You can’t go very long without water; it’s very essential. You can actually go without food 30 or 40 days, as long as you’ve got water or some kind of liquids to drink. You can go quite a long time without solid food, as long as you drink liquids. But if you have no liquid to drink at all, you can’t live more than four or five days, maybe a week. Because your kidneys break down; you get self-intoxicated. Your body wastes can’t be removed by liquid and your body literally poisons itself.
But there’s one thing you can’t go without for even a few minutes, and that is air. So the Lord likened His Spirit to air, and in both the Old and New Testaments, the words used for “spirit” were the same words used for “air”—“rouach” in the Old Testament and “pneuma” in the New Testament.
Your body with your spirit is a living soul. A body without spirit is a dead body. A spirit without a body is a spirit, or a ghost. Now spirits do have a certain amount of tangible body, but it’s not the old flesh body that they used to have. But they don’t have their final bodies they’re going to have in the Resurrection.
You cannot have a soul without both body and spirit. And that’s why the Bible often speaks about “so many souls were saved, so many souls were lost, so many souls drowned, so many souls did this and that.” It means they were bodies with spirits. In other words, normal human beings. Because there’s a difference between body, soul, and spirit. But they’re not really three different things. You’ve got a body and a spirit; together they make a soul.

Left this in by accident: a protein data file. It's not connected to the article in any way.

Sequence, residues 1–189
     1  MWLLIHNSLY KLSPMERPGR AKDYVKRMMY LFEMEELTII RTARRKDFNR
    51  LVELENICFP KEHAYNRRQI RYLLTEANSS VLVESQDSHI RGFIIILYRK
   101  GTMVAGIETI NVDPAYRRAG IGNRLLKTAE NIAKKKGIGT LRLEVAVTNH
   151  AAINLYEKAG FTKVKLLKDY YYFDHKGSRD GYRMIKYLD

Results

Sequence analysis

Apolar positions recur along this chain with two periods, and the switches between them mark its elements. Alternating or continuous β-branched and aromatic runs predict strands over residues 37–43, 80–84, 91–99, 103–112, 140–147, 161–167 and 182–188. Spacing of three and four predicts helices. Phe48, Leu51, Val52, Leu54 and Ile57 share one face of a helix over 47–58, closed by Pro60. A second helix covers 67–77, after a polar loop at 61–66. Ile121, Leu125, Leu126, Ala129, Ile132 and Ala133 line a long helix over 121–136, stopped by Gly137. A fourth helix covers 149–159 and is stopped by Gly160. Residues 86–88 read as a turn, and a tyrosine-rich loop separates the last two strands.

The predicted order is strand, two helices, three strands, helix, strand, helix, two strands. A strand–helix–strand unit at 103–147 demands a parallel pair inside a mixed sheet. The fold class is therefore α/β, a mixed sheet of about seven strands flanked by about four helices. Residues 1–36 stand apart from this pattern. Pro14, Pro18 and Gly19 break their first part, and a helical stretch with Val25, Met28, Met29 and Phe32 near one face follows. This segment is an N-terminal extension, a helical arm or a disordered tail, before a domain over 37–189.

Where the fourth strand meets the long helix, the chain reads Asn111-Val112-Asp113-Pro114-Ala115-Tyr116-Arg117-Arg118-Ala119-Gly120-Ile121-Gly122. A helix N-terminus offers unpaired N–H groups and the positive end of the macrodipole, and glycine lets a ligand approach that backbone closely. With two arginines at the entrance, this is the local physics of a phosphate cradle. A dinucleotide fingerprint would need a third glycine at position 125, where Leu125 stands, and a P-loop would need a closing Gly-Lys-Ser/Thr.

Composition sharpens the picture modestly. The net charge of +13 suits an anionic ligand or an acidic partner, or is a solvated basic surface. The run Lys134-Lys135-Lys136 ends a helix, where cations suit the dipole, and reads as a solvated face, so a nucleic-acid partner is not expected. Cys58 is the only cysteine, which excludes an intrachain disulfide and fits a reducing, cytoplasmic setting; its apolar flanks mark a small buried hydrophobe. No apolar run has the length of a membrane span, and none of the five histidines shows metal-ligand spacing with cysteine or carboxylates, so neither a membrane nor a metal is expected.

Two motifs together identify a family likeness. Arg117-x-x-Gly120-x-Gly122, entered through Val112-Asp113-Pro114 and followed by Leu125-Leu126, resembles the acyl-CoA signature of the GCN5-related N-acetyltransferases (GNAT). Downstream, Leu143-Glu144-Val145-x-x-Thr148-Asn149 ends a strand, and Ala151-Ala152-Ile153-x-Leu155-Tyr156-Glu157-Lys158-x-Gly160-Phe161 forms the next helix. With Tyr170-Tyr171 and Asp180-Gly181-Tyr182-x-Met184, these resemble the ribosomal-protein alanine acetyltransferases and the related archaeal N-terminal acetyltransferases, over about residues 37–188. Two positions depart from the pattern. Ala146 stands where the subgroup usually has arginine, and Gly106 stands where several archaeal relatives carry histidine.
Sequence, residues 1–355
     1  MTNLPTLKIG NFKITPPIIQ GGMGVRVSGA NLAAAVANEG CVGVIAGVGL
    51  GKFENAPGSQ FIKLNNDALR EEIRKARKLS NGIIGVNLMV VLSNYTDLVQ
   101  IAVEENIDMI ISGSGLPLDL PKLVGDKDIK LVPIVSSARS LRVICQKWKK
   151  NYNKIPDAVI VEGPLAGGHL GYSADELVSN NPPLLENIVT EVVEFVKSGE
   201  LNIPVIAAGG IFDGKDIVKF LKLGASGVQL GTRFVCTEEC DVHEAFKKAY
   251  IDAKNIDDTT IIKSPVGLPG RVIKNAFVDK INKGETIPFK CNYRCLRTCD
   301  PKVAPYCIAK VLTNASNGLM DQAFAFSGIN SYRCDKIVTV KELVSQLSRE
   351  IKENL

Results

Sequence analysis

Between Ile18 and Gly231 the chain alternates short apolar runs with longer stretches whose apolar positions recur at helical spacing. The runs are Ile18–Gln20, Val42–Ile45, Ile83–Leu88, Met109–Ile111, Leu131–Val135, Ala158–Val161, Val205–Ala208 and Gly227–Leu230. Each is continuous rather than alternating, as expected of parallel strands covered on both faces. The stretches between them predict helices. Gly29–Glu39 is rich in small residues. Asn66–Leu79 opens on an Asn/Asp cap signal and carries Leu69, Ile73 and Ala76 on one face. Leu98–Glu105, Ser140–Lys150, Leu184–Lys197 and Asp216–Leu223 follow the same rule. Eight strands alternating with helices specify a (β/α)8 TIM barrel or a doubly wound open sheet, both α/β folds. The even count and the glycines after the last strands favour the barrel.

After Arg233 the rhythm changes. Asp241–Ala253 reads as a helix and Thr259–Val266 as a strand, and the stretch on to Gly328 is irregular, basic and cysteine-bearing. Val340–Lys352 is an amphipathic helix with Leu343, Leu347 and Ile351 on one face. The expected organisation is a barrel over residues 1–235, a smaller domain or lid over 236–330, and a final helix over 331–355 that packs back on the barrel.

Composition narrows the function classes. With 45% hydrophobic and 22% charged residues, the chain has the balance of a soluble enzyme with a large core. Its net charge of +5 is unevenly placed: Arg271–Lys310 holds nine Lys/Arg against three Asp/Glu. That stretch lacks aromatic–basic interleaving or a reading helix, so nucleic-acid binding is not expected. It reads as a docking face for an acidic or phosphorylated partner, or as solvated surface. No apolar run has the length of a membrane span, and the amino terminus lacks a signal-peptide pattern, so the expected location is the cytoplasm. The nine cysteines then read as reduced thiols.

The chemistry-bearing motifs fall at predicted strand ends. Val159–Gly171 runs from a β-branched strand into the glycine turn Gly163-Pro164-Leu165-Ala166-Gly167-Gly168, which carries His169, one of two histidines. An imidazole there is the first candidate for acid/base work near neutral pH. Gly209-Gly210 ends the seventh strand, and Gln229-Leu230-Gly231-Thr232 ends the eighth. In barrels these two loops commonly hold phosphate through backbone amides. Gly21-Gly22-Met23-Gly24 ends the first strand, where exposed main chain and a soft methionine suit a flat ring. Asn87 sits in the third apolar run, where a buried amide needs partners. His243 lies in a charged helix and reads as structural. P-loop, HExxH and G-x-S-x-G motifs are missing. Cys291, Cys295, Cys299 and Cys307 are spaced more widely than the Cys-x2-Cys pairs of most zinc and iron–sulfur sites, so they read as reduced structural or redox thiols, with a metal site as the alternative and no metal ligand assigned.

“He restoreth my soul.” Soul literally means a living person, including both spirit and body. So when He restores your soul, when He strengthens your soul, when He revives your soul, He is strengthening, reviving, and making alive both spirit and body. So the Lord restores your soul; He strengthens your spirit and your body.
“Yea, though I walk through the valley of the shadow of death, I will fear no evil: for Thou art with me: Thy rod and Thy staff they comfort me” (Psalm 23:4). The shadow of death doesn’t necessarily mean death itself. A shadow of something is sort of an outline of the thing, and it’s similar to it, but it’s not the real thing. In other words, through a dangerous place where you could get killed or die. Very near to death.